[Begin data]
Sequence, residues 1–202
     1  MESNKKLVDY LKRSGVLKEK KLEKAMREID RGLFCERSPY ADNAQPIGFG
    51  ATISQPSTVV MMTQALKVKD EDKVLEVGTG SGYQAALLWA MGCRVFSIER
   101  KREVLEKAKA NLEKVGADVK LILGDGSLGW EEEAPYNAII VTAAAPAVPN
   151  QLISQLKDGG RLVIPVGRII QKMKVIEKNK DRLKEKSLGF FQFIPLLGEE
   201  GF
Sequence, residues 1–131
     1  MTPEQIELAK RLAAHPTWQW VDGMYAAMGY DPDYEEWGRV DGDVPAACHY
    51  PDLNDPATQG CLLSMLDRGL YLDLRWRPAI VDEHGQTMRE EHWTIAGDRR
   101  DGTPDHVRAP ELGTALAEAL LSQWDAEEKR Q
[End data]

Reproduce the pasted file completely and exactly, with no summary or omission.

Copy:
Sequence, residues 1–202
     1  MESNKKLVDY LKRSGVLKEK KLEKAMREID RGLFCERSPY ADNAQPIGFG
    51  ATISQPSTVV MMTQALKVKD EDKVLEVGTG SGYQAALLWA MGCRVFSIER
   101  KREVLEKAKA NLEKVGADVK LILGDGSLGW EEEAPYNAII VTAAAPAVPN
   151  QLISQLKDGG RLVIPVGRII QKMKVIEKNK DRLKEKSLGF FQFIPLLGEE
   201  GF
Sequence, residues 1–131
     1  MTPEQIELAK RLAAHPTWQW VDGMYAAMGY DPDYEEWGRV DGDVPAACHY
    51  PDLNDPATQG CLLSMLDRGL YLDLRWRPAI VDEHGQTMRE EHWTIAGDRR
   101  DGTPDHVRAP ELGTALAEAL LSQWDAEEKR Q